The bank declined to disclose Chase Pay’s transaction volume or how many customers had downloaded the app. But “less than one in 10 Chase cardholders had used Chase Pay online or in-store in the past 90 days,” says McKee of 451 Research, citing his firm’s first-quarter Voice of the Connected User Landscape survey.
When it debuted, however, Chase Pay looked like it could be a formidable challenger to the Pays. Chase had 94 million Visa cardholders at the time, and early merchant acceptors included Starbucks and Best Buy, with more added later. The app uses Quick Response codes for point-of-sale payments in contrast to the near-field communication technology used by the general-purpose Apple Pay, Google Pay and Samsung Pay.
McKee wasn’t surprised by Chase’s announcement.
“Operating-system-based wallets like Apple Pay and Google Pay have an inherent advantage from a user experience and customer on-boarding standpoint,” he says. “This makes it challenging for bank-branded wallets like Chase Pay to compete given they must encourage cardholders to hunt down and download yet another app to their smart phones. Chase Pay’s utilization of QR codes to enable transactions was another factor limiting adoption given the integration required for merchants.”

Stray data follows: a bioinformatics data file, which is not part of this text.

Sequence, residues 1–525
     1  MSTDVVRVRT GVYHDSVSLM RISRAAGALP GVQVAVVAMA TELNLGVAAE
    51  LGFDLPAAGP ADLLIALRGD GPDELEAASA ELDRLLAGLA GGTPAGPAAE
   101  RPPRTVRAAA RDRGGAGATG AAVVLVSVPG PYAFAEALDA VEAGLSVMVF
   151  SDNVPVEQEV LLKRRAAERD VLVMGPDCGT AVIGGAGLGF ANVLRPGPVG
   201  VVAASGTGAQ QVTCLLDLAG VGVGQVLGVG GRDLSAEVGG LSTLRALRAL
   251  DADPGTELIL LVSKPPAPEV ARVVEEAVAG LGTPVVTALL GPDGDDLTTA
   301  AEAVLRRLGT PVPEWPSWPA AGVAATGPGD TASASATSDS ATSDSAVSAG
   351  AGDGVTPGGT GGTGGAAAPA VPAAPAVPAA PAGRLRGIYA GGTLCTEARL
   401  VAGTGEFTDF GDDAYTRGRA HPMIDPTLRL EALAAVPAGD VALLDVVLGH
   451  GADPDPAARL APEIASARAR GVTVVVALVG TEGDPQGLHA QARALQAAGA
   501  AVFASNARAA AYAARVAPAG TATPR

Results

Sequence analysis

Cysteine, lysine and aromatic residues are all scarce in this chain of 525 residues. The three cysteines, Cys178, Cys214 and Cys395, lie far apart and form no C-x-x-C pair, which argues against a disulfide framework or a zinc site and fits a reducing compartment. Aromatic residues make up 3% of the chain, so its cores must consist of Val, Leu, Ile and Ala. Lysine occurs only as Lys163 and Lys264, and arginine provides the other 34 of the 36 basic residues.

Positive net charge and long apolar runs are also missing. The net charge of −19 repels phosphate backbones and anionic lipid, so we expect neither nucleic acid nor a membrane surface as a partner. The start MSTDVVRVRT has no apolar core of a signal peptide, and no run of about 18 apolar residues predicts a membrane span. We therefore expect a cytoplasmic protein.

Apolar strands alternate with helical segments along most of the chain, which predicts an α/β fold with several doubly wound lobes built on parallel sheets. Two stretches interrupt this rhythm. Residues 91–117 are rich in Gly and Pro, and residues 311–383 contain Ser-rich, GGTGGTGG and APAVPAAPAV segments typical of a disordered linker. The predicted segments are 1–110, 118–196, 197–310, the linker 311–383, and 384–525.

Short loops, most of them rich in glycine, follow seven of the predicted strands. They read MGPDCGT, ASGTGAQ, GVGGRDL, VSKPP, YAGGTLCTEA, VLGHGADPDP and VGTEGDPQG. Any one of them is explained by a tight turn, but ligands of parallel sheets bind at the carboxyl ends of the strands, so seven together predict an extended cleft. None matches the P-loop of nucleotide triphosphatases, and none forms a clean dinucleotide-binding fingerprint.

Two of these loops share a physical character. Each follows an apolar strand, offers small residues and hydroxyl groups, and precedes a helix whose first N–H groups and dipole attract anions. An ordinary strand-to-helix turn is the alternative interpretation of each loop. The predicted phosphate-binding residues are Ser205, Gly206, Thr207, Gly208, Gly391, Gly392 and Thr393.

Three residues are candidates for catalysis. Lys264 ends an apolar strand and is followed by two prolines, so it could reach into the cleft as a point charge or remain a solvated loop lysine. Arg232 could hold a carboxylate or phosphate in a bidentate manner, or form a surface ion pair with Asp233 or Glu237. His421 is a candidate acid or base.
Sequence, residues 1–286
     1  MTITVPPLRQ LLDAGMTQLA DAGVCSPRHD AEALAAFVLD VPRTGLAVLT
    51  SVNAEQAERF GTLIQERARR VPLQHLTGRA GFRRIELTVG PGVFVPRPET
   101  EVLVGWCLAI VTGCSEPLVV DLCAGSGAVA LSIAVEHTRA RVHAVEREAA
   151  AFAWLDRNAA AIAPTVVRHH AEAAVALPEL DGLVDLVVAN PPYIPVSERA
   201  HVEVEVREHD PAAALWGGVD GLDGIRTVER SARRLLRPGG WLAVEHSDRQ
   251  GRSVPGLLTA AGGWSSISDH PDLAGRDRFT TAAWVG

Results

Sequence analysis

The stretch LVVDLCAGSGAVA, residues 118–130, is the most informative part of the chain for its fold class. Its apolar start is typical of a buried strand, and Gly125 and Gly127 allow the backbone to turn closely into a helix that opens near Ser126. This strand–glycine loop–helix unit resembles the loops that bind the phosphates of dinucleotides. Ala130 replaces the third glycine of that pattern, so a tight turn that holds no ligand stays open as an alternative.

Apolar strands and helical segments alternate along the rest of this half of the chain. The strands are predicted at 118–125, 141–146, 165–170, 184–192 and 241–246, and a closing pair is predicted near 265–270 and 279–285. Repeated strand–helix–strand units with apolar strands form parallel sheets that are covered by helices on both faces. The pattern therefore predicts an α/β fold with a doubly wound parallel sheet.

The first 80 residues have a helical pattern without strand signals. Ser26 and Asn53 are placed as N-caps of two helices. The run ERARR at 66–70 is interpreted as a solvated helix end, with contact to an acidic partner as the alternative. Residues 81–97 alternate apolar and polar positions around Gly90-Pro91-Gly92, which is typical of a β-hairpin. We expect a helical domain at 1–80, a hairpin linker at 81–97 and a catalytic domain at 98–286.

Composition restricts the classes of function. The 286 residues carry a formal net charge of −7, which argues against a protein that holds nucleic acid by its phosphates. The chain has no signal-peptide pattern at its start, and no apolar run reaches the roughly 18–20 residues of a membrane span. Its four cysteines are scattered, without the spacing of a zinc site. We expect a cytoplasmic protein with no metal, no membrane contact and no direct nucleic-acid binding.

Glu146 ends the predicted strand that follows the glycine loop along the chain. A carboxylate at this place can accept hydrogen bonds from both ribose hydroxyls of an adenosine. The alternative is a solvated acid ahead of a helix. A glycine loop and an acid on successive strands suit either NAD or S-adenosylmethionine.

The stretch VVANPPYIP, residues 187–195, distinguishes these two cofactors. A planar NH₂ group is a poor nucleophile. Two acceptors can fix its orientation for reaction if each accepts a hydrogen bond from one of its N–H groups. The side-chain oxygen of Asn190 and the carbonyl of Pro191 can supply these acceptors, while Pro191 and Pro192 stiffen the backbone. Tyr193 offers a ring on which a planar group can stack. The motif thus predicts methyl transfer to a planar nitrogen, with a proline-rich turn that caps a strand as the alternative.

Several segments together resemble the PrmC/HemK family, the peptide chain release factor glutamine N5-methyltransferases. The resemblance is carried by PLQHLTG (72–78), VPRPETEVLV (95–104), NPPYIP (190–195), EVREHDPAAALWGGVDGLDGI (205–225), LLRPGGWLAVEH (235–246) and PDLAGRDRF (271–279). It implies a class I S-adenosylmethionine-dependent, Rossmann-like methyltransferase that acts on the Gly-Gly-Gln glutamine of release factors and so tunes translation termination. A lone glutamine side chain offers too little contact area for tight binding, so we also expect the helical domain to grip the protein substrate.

Chase Pay could not access the NFC chip on Apple’s popular iPhone and thus “was forced to use a QR-code interface, which requires merchant support, and apparently they were not successful in getting enough of that,” says Aaron McPherson, vice president for research operations at Marlborough, Mass.-based Mercator Advisory Group Inc.
It would have been “difficult at best” for Chase Pay to succeed against the Pays, adds Thad Peterson, senior analyst at Boston-based Aite Group LLC.
“The concept of a bank-side wallet presents a limited value proposition at best, and it forces the bank into a channel where their knowledge is limited,” Peterson says.
The Citi, Wells, and Cap One payment apps differed from Chase’s in that they relied on NFC technology rather than QR codes. Citi built its app on Mastercard Inc.’s Masterpass online and mobile-payment technology. But the bank notified customers earlier this year that Citi Pay would be ending in late summer.